The Marvelous Adventures of Gwendolyn Gray by B.A. Williamson

  • Author: B.A. Williamson
  • Publisher: North Star Editions/Jolly Fish Press
  • Publication Date: May 2018

The Marvelous Adventures of Gwendolyn Gray by B.A. Williamson is a fun book that teaches important lessons.


Gwendolyn Gray lives in The City where there are no stories. There are books that no one reads. But imagination is highly discouraged. The only problem is that Gwendolyn is highly imaginative. So much so that her peers (and even adults) look down on her in disdain–especially at her bright, curly red hair. For all intents and purposes, The City is black and white. Cityzens have black hair or platinum blonde hair. But Gwendolyn is special.

One day, after an incident in school, Gwendolyn finds herself at The City’s limits. She has never even imagined the possibility of there being an outside to The City. But as she is being attacked by two Faceless Gentlemen in bowler hats, she is rescued by two mysterious travelers.

Thus begins her adventures with her two new companions. Now Gwendolyn needs to figure out a way to stop the mysterious men, who seem in part responsible for why The City is the way it is.


The three main characters, Gwendolyn; Sparrow; and Starling, are all fairly well-rounded. Sparrow and Starling’s sibling relationship is done very well. They are brother and sister, and they act like it. While they bicker a lot, you can still tell they care about each other immensely. Sparrow is a very active child, getting into lots of trouble. However, he has a heart of gold. Starling is usually the one getting them out of trouble and is very clever when it comes to technology. Gwendolyn as well is a clever child. Her imagination allows her to think outside of the box.

Personally, though, my main concerns with the characters were the minor characters. Perhaps the best one was Kolonius Thrash, a swashbuckling teen captain. He was fun and had a bit of depth to him. The rest of them were, unfortunately, largely forgettable. The Cityzens and the ship crew felt very one-sided to me. Not only that, but the antagonists had a moustache-twirling quality that I’m not a fan of personally. (On the other hand, this might have been intentional, given the context.) I did like the Faceless Gentlemen a bit, though. They had a mysterious quality to them that really worked well for the story. They were eerie and unsettling without being over the top.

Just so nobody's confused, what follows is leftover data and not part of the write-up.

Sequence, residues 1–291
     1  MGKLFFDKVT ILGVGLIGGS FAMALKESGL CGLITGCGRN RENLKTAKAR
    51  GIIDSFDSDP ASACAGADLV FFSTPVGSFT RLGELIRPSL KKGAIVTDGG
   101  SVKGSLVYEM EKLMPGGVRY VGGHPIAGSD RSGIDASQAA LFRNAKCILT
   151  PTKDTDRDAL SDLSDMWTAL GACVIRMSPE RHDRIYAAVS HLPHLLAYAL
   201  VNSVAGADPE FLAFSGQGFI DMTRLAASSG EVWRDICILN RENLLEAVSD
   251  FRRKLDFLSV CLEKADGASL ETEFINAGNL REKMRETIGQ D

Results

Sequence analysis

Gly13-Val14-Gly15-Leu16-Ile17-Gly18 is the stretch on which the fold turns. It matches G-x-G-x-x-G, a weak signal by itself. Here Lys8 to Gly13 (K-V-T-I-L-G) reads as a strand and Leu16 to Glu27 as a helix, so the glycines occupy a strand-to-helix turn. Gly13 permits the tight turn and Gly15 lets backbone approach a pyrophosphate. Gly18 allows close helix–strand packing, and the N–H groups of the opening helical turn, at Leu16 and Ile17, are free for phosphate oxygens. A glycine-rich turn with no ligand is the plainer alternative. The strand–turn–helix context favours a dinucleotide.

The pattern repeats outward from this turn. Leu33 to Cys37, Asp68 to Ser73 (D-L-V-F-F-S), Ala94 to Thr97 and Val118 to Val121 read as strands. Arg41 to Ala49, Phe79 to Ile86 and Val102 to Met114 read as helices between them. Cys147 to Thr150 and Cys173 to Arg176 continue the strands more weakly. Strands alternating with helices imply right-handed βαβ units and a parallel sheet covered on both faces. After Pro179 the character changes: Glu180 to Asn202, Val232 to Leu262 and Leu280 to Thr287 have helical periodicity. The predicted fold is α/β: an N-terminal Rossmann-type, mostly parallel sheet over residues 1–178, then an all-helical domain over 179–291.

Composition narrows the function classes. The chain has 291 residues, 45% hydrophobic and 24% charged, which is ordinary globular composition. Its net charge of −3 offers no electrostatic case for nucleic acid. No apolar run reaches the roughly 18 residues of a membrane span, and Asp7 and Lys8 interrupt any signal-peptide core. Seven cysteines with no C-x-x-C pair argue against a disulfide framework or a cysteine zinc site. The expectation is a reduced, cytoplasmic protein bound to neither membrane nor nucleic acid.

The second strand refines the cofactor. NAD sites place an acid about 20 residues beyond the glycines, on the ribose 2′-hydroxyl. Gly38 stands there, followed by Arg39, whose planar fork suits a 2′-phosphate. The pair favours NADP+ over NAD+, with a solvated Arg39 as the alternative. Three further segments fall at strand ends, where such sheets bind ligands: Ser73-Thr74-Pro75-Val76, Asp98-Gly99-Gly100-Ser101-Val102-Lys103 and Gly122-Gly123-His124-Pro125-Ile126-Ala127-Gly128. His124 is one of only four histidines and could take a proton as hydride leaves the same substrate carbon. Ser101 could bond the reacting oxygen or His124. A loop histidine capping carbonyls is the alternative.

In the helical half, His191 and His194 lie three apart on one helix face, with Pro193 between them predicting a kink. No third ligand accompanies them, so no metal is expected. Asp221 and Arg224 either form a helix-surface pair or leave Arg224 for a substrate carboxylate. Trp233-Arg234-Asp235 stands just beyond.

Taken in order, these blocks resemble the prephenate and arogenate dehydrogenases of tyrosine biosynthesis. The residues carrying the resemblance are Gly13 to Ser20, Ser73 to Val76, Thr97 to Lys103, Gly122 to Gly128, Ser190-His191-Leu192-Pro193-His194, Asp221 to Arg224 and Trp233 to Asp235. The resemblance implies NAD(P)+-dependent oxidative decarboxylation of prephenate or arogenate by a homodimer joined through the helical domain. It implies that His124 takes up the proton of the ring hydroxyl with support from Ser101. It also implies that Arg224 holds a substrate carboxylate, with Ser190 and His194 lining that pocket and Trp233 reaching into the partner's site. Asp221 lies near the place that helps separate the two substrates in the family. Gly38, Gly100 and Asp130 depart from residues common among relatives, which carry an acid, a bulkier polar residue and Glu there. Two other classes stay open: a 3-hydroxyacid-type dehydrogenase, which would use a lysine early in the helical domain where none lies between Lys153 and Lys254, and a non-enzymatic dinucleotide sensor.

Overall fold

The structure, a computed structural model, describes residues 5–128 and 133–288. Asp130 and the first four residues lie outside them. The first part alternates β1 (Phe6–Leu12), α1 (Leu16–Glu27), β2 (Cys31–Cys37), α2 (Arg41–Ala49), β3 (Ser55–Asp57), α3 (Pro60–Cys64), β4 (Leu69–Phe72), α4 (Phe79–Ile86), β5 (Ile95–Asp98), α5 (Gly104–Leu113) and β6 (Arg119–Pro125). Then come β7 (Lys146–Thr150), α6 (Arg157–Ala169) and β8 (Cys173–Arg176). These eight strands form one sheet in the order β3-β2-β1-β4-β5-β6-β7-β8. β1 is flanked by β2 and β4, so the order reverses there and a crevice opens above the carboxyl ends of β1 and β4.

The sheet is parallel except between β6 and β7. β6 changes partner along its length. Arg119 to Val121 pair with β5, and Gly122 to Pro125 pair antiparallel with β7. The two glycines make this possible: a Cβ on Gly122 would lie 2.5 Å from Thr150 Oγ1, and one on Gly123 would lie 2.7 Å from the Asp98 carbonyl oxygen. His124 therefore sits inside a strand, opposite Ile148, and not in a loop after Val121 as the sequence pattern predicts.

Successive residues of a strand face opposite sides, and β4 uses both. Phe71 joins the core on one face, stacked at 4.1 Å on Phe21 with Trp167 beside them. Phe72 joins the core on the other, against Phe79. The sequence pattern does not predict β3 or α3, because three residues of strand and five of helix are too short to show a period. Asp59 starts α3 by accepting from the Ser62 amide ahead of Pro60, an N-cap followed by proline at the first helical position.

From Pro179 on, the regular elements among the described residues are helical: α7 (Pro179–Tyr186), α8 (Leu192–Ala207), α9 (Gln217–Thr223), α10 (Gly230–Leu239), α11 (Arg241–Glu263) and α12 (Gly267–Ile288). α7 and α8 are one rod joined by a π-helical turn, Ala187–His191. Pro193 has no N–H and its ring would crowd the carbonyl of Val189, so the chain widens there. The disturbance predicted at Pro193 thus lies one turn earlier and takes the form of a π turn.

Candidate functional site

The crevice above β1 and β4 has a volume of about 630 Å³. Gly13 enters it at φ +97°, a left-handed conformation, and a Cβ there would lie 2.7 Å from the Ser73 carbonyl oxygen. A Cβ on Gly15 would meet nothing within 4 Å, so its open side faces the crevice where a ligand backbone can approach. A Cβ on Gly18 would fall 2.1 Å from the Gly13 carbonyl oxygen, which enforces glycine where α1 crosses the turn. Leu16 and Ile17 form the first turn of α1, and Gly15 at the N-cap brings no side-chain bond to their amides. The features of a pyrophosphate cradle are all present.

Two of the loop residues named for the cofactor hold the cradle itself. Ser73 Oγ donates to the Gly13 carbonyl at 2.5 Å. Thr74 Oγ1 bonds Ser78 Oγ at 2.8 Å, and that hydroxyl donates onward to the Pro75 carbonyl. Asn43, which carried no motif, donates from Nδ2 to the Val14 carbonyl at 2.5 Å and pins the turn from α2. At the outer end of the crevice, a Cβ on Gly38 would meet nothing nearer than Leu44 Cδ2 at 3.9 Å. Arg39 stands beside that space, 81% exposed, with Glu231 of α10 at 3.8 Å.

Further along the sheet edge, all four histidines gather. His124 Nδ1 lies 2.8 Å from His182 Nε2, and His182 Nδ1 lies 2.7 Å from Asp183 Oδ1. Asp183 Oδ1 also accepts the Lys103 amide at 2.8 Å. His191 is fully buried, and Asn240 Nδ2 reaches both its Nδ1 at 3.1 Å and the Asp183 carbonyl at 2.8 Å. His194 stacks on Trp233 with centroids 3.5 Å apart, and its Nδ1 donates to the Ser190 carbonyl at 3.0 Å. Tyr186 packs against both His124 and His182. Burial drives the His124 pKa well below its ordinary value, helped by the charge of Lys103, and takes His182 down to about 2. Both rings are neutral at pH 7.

The Marvelous Adventures of Gwendolyn Gray is a book that makes imagination real. And that is where I think its strong suit lies. It encourages a message of positivity in the face of negativity. Furthermore, it does not shy away from some very real consequences. Regardless of ones actions, sometimes things just happen. I could imagine reading this book together with a child around the age of 10-12. There are a few references some adults might find amusing.

For me, personally, the weakest area was with the writing. When it was good, it was good. The ending was especially well written. However, there are many parts that felt like the narrator (who adds fun little quips every now and again) was talking down to the reader. Telling them things that I think would’ve been better incorporated through the use of context clues. I also felt that the romantic relationships were unnecessary and brought up some unneeded stereotyping, such as mentioning that all/most teenage boys act like such-and-such.  With the narrator being outside the story (i.e., as far as I’m aware, the narrator was not Gwendolyn Gray), I wasn’t a big fan of the stereotyping.

Regardless, I would still recommend this book. It’s fun and has emotional depth. It doesn’t exactly answer every question, but it still has a great ending that could possibly lead to more adventures.

[I received a digital ARC from the publisher via NetGalley in exchange for an honest review.]


  1. […] The Marvelous Adventures of Gwendolyn Gray by B.A. Williamson (eARC from the publisher via NG. This is an upcoming mid-May release. It was a fun MiddleGrade book that touches on topics of belonging, doing what’s right even when your peers aren’t, and facing problems with the aid of friends.) […]


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